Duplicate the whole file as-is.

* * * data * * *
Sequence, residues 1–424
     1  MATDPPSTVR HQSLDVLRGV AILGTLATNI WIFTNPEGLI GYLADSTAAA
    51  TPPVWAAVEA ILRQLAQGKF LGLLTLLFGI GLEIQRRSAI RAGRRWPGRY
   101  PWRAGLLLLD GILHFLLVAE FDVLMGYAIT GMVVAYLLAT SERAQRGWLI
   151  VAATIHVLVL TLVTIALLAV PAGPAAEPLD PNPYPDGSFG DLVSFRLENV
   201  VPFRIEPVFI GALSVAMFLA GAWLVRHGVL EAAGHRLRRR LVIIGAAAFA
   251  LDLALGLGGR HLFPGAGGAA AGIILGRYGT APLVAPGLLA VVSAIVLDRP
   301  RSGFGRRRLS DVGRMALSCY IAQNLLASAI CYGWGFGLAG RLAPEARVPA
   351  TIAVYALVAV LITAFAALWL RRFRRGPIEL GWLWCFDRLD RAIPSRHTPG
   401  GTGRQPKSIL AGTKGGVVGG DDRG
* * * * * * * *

Sequence, residues 1–424
     1  MATDPPSTVR HQSLDVLRGV AILGTLATNI WIFTNPEGLI GYLADSTAAA
    51  TPPVWAAVEA ILRQLAQGKF LGLLTLLFGI GLEIQRRSAI RAGRRWPGRY
   101  PWRAGLLLLD GILHFLLVAE FDVLMGYAIT GMVVAYLLAT SERAQRGWLI
   151  VAATIHVLVL TLVTIALLAV PAGPAAEPLD PNPYPDGSFG DLVSFRLENV
   201  VPFRIEPVFI GALSVAMFLA GAWLVRHGVL EAAGHRLRRR LVIIGAAAFA
   251  LDLALGLGGR HLFPGAGGAA AGIILGRYGT APLVAPGLLA VVSAIVLDRP
   301  RSGFGRRRLS DVGRMALSCY IAQNLLASAI CYGWGFGLAG RLAPEARVPA
   351  TIAVYALVAV LITAFAALWL RRFRRGPIEL GWLWCFDRLD RAIPSRHTPG
   401  GTGRQPKSIL AGTKGGVVGG DDRG